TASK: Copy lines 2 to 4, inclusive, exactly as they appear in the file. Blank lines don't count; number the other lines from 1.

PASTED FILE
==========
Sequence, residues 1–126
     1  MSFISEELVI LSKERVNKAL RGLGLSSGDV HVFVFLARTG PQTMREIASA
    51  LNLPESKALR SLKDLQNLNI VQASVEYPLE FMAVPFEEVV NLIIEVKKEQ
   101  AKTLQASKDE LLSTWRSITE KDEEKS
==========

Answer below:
     1  MSFISEELVI LSKERVNKAL RGLGLSSGDV HVFVFLARTG PQTMREIASA
    51  LNLPESKALR SLKDLQNLNI VQASVEYPLE FMAVPFEEVV NLIIEVKKEQ
   101  AKTLQASKDE LLSTWRSITE KDEEKS